Friday, July 30, 2010

A Useful Link To Some Writing Basics

Check it out: award winning author Tim Wynne-Jone's Eleven Things You Need To Know about writing. While no list of writing tips can cover everything you need to know -- the best way to learn how to write is simply to write and write and write -- this is a well-crafted list that includes some subtleties that are often overlooked in such lists.

Friday, July 2, 2010

Between Drafts of Novels -- Writing in See-Saw

One of the essential things to do when writing a novel or picture book or poem, or any kind of writing, is to give it time to rest between drafts. The great pause. You need to let your manuscript rest after a draft to refresh your ears and eyes and heart and head, so that when you come back to it, you see it anew and can spot what doesn't work.

So what do you do while it rests, apart from fume, fret, fuss and twiddle your thumbs?

I've found it useful to work novels in see-saw. To embark on another novel while a draft of the first one rests. Many writers work on picture books between the drafts of a novel, or other smaller pieces of writing, but I find it works just as well to be plarking on another novel.

Here's the thing though -- for me it doesn't work to have three novels on the go. The see-saw metaphor is more apt than I realized when I tried it. Somehow it was awkward and imbalanced for me to have three novels on the go, even if I approached each one when the others were at rest. Two balance, three don't, not for me. It's okay for me to have two novels and some picture books fermenting and brewing inbetween, but I can't quite seem to have three novels taking up head space, not in stages of actual writing. It feels too full, as though there isn't room enough in my subconscious mind to burble and process away and then come up with new insights which seems to happen when I let my novels rest. Because, in a way, you're writing all the time -- at some level, your mind is processing the work even while at rest.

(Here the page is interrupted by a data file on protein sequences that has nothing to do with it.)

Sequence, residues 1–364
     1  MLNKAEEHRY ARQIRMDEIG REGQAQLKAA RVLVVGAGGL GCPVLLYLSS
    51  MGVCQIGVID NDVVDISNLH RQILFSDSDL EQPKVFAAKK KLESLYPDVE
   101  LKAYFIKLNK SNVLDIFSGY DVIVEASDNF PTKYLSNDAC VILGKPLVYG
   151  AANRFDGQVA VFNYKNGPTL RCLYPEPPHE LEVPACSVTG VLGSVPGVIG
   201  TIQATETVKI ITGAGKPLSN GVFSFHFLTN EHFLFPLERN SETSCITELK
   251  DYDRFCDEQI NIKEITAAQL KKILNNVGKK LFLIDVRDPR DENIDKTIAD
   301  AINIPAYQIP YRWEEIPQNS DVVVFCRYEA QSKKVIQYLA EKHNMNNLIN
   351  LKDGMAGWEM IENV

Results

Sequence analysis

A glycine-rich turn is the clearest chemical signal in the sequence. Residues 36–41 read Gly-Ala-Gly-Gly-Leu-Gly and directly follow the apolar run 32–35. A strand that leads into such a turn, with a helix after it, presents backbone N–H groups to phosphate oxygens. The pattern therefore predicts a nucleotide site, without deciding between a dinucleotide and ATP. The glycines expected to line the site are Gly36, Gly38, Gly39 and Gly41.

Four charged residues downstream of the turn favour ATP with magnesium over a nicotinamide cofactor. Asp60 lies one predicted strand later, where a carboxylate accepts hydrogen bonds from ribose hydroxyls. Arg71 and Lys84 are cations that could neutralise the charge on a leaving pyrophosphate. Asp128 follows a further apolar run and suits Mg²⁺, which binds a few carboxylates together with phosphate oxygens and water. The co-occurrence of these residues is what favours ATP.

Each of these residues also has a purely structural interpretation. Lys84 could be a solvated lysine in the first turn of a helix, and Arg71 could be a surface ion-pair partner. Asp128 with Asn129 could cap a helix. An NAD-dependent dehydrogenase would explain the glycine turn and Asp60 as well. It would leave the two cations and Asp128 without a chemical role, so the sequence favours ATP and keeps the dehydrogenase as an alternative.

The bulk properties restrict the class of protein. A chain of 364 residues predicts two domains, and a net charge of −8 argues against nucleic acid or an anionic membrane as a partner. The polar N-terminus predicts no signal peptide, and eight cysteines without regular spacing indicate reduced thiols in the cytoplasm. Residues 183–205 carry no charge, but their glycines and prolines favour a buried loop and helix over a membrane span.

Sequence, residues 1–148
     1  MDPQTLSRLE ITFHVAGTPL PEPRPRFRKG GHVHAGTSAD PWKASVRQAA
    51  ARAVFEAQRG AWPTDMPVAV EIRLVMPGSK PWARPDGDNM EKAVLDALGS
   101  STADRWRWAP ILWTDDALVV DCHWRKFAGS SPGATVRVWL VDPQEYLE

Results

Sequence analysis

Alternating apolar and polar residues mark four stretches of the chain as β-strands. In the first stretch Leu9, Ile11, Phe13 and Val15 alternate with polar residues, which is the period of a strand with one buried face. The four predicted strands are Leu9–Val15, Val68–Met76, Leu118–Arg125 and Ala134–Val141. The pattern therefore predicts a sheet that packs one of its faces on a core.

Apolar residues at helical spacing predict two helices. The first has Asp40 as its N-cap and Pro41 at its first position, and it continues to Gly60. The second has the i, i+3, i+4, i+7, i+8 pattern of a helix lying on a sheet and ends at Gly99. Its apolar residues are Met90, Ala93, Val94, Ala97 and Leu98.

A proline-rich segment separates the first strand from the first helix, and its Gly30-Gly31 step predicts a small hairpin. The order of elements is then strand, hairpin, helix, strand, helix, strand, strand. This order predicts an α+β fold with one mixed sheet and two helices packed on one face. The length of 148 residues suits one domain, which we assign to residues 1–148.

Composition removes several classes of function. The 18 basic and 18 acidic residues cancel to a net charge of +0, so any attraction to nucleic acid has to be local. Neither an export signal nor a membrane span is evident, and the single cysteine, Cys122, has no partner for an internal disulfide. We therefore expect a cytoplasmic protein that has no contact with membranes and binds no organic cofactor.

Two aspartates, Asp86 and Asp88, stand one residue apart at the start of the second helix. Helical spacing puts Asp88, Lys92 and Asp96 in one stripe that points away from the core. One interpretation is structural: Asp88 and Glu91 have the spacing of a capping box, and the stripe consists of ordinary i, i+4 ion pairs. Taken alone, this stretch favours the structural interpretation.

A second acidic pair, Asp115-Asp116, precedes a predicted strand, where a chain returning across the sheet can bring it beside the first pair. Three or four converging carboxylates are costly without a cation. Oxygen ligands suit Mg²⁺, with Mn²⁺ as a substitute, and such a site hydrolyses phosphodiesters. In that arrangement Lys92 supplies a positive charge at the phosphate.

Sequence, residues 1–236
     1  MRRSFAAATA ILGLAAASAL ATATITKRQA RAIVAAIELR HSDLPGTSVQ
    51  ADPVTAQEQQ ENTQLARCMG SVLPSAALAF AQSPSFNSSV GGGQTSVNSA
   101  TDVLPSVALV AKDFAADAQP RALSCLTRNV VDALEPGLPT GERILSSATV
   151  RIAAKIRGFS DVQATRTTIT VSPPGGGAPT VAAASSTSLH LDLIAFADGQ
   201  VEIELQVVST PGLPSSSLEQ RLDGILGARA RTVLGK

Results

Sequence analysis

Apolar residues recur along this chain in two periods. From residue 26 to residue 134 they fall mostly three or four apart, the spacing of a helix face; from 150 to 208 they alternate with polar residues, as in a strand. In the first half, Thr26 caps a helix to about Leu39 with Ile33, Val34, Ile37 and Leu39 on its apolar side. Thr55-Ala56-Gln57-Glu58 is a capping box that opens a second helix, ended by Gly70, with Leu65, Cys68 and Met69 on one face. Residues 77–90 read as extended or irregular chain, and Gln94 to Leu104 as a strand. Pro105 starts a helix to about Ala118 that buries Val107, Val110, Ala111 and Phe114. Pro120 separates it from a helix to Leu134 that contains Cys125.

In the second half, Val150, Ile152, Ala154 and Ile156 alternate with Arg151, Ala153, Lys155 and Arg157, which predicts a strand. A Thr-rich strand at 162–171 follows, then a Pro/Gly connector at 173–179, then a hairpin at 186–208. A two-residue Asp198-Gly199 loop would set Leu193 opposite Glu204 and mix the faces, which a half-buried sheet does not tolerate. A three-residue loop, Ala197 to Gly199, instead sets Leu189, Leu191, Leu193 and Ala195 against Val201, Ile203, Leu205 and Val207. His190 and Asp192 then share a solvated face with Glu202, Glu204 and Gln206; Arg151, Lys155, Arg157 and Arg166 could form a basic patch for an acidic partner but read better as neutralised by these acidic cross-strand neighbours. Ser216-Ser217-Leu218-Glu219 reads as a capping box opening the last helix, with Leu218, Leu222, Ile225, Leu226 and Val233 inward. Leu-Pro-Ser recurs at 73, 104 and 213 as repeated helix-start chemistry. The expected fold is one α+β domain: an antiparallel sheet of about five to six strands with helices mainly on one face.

After I finished my first Dilly book, The Trouble With Dilly I started to plark on a novel That Boy Red, which is inspired by stories my father-in-law told about growing up in rural PEI during the Depression. It was a wonderful counter-balance to Dilly as it was set in a different time period, with a different voice. Then back to The Trouble With Dilly for editing, and once that book was finally off to the printers, I returned to That Boy Red, which will be published by HarperCollins Canada in April 2011.

And now that I'm on the edits for That Boy Red, I'm see-sawing it with the new Dilly novel -- at a different, earlier stage than Red, of course. Once Red is off to the printers, I'll start a new novel (even now brewing and sizzling in the back of my head) to see-saw with the new Dilly.